What is Advocate Cycles?
We use a new, pioneering legal approach called the Specific Benefit Corporation (SBC), a corporate form that started in Minnesota on January 2, 2015. SBC is designed to help entrepreneurs start and grow social businesses and provide a guarantee to consumers that the social promise set forth is upheld.
Benefit Corporations are like traditional for-profit corporations in most ways except they make special commitments.
First and foremost, an SBC declares a legally binding social purpose in addition to its general business purpose, which its directors and officers must consider when making strategic decisions for the business. As a means to be held accountable, SBCs must also publicly report its progress toward the designated social purpose each year to the Minnesota Secretary of State. Additional details of SBC legal requirements can be found in Minnesota Statute 304A.
Simply put, the mission registered with our SBC status is to support organizations, projects, and initiatives that have positive outcomes for cycling. We will do this by putting 100% of our profits back towards cycling industry advocacy efforts.
Because we are still held to standard IRS rules, we are only allowed to donate 50% of our profits to non-profit organizations. But every year we will also be donating the IRS-capped 50% of our profits to cycling industry non-profits such as the International Mountain Bicycling Association (IMBA) and People for Bikes. We then take the remaining 50%, pay required taxes on that amount, and use the remaining money to run our own advocacy programs during the following calendar year.
For instance, our formula would look like:
- Theoretical yearly profits: $100,000
- Donations to non-profit organizations: $50,000
- Claimed profit to the IRS: $50,000
- Tax paid (15% rate): $7,500
- Remaining funds carried over and applied to subsequent year advocacy efforts: $42,500
Each year the post-tax profit of the company will be applied to a budget that will be used to conduct our own advocacy efforts. Projects and initiatives include conducting specific events to benefit trails organizations, lobbying governmental entities for the rights of cyclists, creating programs to excite children and non-cyclists to use bicycles for transportation and enjoyment, providing tools and equipment to existing support programs, and growing the business of Advocate Cycles to increase our contribution every year.
In addition to monetary contributions, we will also be giving paid time to employees to work on programs of their choice while using the company and its products to spread the word of how being a cycling advocate makes riding better for all of us. We want every single one of our riders to be a cycling advocate.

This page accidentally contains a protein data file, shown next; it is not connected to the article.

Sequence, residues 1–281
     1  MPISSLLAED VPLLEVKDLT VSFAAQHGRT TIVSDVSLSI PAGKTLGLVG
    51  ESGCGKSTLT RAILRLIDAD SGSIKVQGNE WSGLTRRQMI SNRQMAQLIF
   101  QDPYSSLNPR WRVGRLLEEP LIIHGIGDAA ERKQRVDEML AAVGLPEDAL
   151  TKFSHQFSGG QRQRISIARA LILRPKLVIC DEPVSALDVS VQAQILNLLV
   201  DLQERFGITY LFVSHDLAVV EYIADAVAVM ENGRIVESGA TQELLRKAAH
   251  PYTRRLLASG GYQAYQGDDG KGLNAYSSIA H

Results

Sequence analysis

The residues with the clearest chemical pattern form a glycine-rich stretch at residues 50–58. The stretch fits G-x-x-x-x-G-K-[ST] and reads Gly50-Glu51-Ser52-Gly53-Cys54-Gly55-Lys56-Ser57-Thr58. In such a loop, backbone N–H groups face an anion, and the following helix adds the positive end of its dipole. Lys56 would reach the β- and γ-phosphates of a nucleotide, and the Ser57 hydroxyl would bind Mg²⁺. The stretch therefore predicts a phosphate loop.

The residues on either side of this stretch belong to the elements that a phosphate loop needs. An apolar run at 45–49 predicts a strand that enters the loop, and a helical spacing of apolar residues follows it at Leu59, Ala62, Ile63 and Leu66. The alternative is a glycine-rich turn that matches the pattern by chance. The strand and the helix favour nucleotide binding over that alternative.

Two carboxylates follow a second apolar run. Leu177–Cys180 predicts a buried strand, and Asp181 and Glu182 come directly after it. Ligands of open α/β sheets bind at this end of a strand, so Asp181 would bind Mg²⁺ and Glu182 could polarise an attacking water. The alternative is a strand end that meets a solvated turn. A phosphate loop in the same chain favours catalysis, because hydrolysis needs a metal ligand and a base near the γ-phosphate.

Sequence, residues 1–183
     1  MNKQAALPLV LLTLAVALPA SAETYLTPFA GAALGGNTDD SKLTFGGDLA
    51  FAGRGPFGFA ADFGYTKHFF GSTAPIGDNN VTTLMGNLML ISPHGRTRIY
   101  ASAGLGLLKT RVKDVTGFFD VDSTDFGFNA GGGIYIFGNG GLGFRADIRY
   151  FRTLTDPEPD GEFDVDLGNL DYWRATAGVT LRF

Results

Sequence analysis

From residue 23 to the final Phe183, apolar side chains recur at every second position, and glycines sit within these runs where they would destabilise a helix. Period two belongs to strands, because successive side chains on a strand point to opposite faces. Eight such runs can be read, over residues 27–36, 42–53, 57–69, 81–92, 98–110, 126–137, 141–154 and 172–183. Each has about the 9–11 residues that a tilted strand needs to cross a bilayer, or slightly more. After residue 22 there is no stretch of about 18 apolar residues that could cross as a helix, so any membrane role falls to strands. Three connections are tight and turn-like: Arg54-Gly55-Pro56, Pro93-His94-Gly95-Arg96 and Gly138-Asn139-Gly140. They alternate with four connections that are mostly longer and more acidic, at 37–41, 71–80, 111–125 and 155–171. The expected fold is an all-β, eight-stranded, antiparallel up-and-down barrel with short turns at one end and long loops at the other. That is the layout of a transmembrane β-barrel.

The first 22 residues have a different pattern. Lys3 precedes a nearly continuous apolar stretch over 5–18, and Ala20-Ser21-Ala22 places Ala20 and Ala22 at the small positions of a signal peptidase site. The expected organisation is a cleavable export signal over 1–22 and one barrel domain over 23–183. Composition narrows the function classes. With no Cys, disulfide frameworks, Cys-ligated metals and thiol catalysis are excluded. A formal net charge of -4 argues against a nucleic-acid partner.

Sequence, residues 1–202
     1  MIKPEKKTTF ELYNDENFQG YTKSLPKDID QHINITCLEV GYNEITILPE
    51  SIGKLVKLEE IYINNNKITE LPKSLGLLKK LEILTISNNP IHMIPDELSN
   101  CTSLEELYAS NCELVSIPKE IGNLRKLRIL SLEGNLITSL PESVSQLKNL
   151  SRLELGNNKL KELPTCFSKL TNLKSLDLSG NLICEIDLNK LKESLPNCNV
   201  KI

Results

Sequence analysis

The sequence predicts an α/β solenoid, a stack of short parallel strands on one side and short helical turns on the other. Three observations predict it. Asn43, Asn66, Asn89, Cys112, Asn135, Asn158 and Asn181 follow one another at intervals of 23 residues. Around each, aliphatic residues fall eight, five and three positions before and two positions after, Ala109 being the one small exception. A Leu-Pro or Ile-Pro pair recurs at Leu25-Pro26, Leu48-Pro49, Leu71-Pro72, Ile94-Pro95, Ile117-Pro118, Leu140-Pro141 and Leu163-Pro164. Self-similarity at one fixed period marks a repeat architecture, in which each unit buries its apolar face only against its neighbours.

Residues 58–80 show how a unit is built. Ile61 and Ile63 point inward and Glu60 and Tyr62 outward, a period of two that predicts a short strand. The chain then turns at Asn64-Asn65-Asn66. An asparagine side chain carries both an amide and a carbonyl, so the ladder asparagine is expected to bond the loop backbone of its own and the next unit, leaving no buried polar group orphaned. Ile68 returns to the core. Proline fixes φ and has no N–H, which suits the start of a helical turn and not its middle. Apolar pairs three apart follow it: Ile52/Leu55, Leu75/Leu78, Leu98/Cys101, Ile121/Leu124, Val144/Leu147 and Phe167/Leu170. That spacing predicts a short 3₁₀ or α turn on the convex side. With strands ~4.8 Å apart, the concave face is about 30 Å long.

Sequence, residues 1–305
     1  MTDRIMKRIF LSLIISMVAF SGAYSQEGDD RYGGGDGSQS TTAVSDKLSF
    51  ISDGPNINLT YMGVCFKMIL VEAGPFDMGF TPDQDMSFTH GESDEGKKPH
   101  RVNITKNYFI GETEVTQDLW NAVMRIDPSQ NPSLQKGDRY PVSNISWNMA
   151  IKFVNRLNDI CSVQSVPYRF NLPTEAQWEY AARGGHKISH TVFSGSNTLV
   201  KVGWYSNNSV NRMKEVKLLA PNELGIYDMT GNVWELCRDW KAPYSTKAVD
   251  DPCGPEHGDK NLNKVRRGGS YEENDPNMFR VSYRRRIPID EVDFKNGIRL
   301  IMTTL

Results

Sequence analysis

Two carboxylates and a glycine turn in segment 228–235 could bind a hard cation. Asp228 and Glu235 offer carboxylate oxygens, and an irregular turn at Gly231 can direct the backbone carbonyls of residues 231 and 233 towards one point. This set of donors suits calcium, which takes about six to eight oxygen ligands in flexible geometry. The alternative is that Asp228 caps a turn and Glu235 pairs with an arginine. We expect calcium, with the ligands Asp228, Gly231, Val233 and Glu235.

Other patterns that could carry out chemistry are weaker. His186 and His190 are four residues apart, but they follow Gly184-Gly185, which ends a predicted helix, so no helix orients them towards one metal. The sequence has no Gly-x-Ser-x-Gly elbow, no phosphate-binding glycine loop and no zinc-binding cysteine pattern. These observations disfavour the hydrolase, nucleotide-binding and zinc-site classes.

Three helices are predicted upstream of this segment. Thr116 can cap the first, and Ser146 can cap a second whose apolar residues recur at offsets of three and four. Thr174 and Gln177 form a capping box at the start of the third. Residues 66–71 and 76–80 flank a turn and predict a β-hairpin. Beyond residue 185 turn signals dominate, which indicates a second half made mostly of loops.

The raised fist is a symbol of empowerment in many different areas of modern culture; we want Advocate Cycles to be the symbol of empowerment for cyclists
As with any new business, it is not likely to be profitable in the first year of existence. Due to our choice of mission and corporate structure, we cannot take investors. We have entirely self-funded the start-up of Advocate Cycles with personal resources and crowdfunding, but we will need to grow additional capital in order to hit our target of 500 bikes, allowing us to meet our financial goal shown above. Some of our strongest efforts in year 1 will be to reinvest capital from product sales into the company.
Even in year 1 we are obligated and excited to uphold the mission we have registered as a Specific Benefit Corporation.
A separate arm of our corporate structure–Advocate Cycling Productions–puts on endurance races in the upper Midwest. These events drive 100% of proceeds back to the trails they take place on and are anticipated to raise approximately $45,000 for those trails this year. In an effort to align with likeminded organizations, we will become corporate members of IMBA, People for Bikes, 1% for the Planet, and the Adventure Cycling Association.
Our employees will be encouraged and empowered to engage and lobby in important efforts at the local and national level. Finally, we will create programs to help schools with bicycle programs aimed at teaching students maintenance; they will be provided with tools and customized training, and we will conduct our first program near the end of the calendar year.
Nope. Like any traditional for-profit business corporation, Advocate Cycles is taxed as a C-Corporation.
Again, no. An SBC is not an IRS tax-exempt organization. Therefore, SBCs can’t receive tax-deductible donations from individuals, and special rules govern how foundations engage with them. Advocate Cycles funds all of its programs through the sale of its products.